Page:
Libraries gave us power, sang the Manic Street Preachers, but what really happens behind the bookshelves at Wales’ own cultural powerhouse, the National Library of Wales?
From novelists to genealogists, PhD students and poets, we spoke to some of the many and varied readers of the National Library of Wales to find out what they are up to behind the bookshelves.
“There is nothing better than getting a box of documents from the archive and reading through people’s letters and diaries.”
Calista Williams, Open University PhD student.“I am studying for a PhD in history at the Open University in collaboration with the National Library of Wales (NLW). My thesis explores the development of the NLW and examines how it was established, organised and managed in the late Victorian and early Edwardian era. The thesis also evaluates the impact of the library’s services and explores the connection between the NLW and Welsh national identity during this period.
I grew up in Hampshire and Buckinghamshire and then at 18 I came to Aberystwyth University to study Drama. After finishing my degree, I worked at Aberystwyth University Bookshop but I suppose I still wasn’t quite sure what I wanted to do. On a whim I decided to start volunteering with the National Trust as a gardener which I loved, and I was given the opportunity to run children’s workshops and help plan events. The staff at Llanerchaeron were so supportive and they encouraged me to apply to do a Masters in History and Heritage at Aberystwyth University. It started from there really. I began the MA part-time and loved it and, at the same time, I also started to volunteer at the NLW. I worked on a volunteer project entitled ‘Corporate Records’ which involved sorting through some of the library’s own archival material and transcribing it – looking at acquisition records to sheep grazing rights! This was when my interest in the library’s history was piqued and I began to develop a PhD proposal. I was then lucky enough to secure a studentship at the OU in 2013.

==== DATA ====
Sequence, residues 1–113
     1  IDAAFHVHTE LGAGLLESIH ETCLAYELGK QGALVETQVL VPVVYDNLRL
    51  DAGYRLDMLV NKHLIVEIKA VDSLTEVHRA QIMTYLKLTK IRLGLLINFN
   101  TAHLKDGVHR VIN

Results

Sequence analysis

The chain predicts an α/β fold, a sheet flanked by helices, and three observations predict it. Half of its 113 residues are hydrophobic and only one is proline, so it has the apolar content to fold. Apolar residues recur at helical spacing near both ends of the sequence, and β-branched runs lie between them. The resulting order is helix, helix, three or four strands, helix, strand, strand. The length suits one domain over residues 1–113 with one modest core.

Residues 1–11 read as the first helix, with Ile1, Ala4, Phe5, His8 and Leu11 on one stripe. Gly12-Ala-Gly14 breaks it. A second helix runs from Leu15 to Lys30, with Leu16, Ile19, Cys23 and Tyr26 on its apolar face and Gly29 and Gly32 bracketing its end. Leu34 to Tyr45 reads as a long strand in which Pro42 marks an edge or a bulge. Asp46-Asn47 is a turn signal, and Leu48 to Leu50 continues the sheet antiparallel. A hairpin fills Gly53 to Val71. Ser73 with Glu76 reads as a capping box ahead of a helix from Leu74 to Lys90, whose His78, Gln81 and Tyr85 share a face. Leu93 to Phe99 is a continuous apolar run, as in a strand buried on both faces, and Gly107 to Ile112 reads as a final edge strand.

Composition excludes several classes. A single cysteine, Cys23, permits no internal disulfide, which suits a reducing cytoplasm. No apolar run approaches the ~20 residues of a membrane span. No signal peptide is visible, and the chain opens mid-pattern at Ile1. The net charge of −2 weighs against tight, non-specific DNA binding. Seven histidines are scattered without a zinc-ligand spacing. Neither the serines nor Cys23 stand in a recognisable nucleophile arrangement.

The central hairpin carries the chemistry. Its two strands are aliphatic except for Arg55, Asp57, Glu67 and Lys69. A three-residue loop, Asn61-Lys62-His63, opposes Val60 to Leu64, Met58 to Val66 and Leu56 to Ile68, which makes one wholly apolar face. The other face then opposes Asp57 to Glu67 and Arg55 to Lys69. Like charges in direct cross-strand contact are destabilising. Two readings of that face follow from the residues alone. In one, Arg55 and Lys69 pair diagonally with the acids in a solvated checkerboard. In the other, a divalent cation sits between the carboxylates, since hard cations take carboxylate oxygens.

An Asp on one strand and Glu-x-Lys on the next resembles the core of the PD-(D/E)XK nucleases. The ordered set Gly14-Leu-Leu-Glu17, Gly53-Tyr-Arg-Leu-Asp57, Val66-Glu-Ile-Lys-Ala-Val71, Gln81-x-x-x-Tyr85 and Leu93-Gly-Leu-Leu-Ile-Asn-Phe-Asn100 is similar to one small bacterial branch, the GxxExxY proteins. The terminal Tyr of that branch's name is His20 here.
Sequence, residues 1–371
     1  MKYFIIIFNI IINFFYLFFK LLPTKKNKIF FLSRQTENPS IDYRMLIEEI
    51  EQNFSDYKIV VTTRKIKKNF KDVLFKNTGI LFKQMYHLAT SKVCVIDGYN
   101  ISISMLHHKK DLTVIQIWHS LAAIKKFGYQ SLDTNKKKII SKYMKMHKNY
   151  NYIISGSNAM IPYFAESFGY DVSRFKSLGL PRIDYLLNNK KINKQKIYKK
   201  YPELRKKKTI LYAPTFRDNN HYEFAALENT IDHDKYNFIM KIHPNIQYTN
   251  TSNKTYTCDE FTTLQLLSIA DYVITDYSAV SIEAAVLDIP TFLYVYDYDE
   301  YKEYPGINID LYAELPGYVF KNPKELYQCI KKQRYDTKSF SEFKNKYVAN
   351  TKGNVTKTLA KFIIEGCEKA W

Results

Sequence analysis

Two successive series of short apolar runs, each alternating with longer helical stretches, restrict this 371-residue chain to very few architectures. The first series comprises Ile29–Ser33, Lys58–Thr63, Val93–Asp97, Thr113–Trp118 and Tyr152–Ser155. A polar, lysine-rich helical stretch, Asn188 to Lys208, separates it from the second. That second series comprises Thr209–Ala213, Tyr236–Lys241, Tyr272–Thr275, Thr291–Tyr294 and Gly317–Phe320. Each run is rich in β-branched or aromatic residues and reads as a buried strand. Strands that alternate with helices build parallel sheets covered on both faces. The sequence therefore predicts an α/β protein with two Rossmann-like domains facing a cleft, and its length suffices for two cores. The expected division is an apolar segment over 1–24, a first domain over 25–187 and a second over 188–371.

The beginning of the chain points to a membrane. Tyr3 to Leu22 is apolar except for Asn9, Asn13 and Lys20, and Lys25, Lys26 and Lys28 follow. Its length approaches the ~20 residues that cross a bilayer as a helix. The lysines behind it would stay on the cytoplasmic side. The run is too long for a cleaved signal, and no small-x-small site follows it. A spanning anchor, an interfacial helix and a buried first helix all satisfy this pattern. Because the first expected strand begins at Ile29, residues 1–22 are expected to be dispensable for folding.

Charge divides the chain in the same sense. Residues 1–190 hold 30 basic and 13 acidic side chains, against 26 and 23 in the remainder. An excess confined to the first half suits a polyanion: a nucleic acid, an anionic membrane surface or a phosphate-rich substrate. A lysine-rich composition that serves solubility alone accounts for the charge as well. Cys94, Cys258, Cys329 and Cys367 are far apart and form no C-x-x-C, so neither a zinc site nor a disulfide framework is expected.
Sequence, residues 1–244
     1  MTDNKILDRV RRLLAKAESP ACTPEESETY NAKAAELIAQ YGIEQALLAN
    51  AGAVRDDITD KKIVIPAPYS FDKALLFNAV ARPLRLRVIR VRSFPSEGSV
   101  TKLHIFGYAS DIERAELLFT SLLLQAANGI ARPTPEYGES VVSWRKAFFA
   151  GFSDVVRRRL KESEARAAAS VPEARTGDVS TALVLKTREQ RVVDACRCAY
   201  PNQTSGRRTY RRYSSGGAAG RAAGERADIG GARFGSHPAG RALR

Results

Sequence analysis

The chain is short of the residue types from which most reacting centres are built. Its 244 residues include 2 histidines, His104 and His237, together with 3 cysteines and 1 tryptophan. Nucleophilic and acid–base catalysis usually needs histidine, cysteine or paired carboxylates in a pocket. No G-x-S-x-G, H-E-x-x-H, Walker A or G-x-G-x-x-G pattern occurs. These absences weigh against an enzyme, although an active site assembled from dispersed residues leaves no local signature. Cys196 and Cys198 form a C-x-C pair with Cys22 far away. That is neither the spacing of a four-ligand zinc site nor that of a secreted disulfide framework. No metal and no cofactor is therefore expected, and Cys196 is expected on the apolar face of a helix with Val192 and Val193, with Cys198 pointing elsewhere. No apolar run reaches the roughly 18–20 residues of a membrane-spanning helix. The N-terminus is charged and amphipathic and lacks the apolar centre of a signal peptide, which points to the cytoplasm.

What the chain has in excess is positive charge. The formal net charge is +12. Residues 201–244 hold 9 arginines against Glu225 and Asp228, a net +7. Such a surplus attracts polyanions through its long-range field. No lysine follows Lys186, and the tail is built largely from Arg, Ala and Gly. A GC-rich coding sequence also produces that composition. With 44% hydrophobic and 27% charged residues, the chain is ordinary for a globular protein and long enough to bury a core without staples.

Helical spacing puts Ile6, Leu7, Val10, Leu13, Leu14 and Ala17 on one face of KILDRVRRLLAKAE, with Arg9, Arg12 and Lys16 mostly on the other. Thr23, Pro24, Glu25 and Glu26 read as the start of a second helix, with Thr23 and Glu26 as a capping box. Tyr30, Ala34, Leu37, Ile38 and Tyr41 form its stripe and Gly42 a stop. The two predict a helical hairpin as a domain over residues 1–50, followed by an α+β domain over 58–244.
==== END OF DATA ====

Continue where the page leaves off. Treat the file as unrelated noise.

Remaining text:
Luckily, I only live 10 minutes’ walk from the NLW – the downside is it’s up a steep hill, so I usually arrive red-faced and out of breath! I spilt my time between my desk, which the library has kindly provided for me and the public reading rooms. A couple of days a week I work with a group of library volunteers who have been helping me enter information into a database on the first subscribers to the library building fund and the early readers. I often have lunch in the library café with friends or, if it’s warm, sit outside and enjoy the beautiful views. During the first half of my PhD I spent a lot of time working in the reading rooms looking at archival documents but now I spend more time writing up my thesis. There is really nothing better than getting a box of documents from the archive and reading through people’s letters and diaries – history really comes alive in those moments.
I love the fact that this huge building and archival resource – usually situated in a city – sits above a Victorian seaside town looking out on the Welsh countryside – it is very much unique in that respect. It is special to me personally as it’s where I discovered a real passion for history and since then I have uncovered so many interesting things about the library and its history.
This post is also available in: Welsh